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Protecting the biodiversity of the northeast

  • Published
    23rd Aug, 2023
Context

The recent case of "Re: Cleanliness of Umiam Lake versus State of Meghalaya (2023)" heard by the Meghalaya High Court raises concerns about the environmental impact of construction and tourism on the entire northeast’s biodiversity.

Biodiversity of the Northeast

  • Northeast India is a green belt region due to its abundant natural resources such as oil, natural gas, minerals and fresh water.
  • The Garo-Khasi-Jaintia hills and the Brahmaputra valley are some of the most important biodiversity hotspots.

How climate change is threatening the North-East?

  • Changed rainfall pattern: Rainfall patterns over the region in the last century have considerably changed, resulting in its overall drying up. 
  • Variation in temperature: From rice to tea, crop cultivation across the board has been affected by variations in temperature and rainfall, causing distress to agricultural workers.
  • Fluctuations in water flow and erratic flooding have exacerbated riverine erosion, which hinders the lives and livelihoods of communities residing near the Brahmaputra and its tributaries.
  • Desertification: Six states in northeastern India were among the top 10 places in the country with the highest rates of desertification between 2003 and 2018. These are Mizoram, Arunachal Pradesh, Assam, Tripura, Nagaland and Meghalaya. 

Climate refugees

A large fraction of settlements on forest reserve areas and grazing lands are communities that have been previously displaced by riverbank erosion. These communities fall within the category of climate refugees, a term coined to describe the increasing number of people displaced due to environmental disruptions.

Major threats to the environment

  • Though the northeast is industrially backward, deforestation, floods, and existing industries are causing serious problems to the environment in the region.
  • An environmental assessment of the North East Rural Livelihood Project undertaken by the Ministry of Development of the North-eastern Region lays out that “Northeast India lies within ecologically fragile, biologically rich region, highly prone to climatic changes, located in trans boundary river basins. Both flora and fauna of the areas are under threat due to deforestation, mining, quarrying, shifting cultivation.”

Environmental Laws

  • Development of Environmental Laws and Offences: During the 1980s, India established numerous environmental laws and policies. Offences against the environment were framed under Sections 268 to 290 of the Indian Penal Code, classifying them as "public nuisance."
  • Challenges with Autonomy and District Councils: The Sixth Schedule of the Constitution grants autonomy to District Councils. This autonomy limits State authority, including land use, within the jurisdiction of District Councils.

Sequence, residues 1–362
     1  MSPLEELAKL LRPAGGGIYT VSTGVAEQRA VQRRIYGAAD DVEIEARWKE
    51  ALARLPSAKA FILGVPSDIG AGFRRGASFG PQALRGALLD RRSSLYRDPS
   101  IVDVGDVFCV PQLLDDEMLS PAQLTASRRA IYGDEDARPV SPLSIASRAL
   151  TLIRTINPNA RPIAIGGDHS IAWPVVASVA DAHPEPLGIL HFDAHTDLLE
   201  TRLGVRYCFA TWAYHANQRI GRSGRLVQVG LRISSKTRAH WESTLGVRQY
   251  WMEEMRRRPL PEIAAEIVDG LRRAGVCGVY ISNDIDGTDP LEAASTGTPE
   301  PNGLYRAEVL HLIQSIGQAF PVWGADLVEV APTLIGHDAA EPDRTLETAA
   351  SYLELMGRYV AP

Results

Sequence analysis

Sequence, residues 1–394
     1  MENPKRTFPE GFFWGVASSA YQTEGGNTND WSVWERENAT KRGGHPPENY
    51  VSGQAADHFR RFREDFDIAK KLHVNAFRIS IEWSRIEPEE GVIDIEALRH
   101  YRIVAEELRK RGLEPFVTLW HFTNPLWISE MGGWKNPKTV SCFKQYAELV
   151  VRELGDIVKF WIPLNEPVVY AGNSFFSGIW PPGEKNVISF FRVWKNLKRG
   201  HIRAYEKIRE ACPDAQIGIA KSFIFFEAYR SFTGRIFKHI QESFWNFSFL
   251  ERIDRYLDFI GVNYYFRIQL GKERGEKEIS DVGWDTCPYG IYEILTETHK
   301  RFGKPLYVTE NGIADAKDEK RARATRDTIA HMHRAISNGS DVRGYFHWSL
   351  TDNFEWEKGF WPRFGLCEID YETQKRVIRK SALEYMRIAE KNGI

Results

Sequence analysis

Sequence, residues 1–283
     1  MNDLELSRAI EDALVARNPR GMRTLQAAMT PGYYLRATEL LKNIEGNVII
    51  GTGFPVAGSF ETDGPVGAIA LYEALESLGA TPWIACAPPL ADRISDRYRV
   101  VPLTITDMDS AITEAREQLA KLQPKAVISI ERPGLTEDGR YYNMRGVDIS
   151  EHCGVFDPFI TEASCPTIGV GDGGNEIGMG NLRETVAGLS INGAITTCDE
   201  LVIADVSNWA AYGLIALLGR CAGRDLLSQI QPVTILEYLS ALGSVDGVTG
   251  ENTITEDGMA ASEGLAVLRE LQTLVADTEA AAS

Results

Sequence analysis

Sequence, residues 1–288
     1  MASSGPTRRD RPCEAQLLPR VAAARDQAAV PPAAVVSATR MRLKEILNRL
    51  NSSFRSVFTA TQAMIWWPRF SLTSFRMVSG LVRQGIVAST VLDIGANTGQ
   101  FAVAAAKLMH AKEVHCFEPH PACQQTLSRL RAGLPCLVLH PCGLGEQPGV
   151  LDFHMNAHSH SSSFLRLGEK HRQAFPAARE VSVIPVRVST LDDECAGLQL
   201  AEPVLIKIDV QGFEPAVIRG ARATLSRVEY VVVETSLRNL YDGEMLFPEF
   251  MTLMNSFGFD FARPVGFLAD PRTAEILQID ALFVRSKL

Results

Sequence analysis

• In cases like Umiam Lake, District Councils often lack regulations for land preservation, especially near waterbodies.
  • Environmental Litigation and PILs: Articles 32 and 226 of the Constitution fostered public interest litigation (PILs) and judicial activism. Environmental litigation surged, with instances like the National Green Tribunal imposing fines on state governments.
    • In 2019, Meghalaya faced a ?100 crore fine for failing to curb illegal mining.
    • Manipur encountered a ?200 crore fine for improper waste management in 2022.
  • Role of Judicial and Quasi-Judicial Organs: Judicial and quasi-judicial bodies, like the National Green Tribunal, play a vital role. Stringent guidelines and heavy penalties imposed by these bodies protect ecologically sensitive flora and fauna.

What measures can be adopted to protect the north-east?

  • Balancing Development and Sustainability: Central and State governments must ensure infrastructure, revenue, and employment growth through sustainable strategies.
  • North East Industrial Development Scheme (NEIDS) and Environment: The NEIDS, 2017's 'Negative List' is a positive step. Entities not adhering to environmental standards, clearances, or pollution board consent won't receive NEIDS incentives. The 'Negative List' aligns incentives with environmental compliance.
  • Comprehensive Approach in 'Act Fast for Northeast' Policy: The 'Act Fast for Northeast' policy should encompass more than "trade and commerce."
    • Prioritizing environment and ecology preservation is crucial.
    • Striving for a 10 trillion-dollar economy without environmental protection lacks value.
  • Uniform Environmental Legislation for Comprehensive Governance: Central and State governments should consider uniform and comprehensive environmental laws.
    • Addressing environmental issues across governance levels is essential for effective protection.
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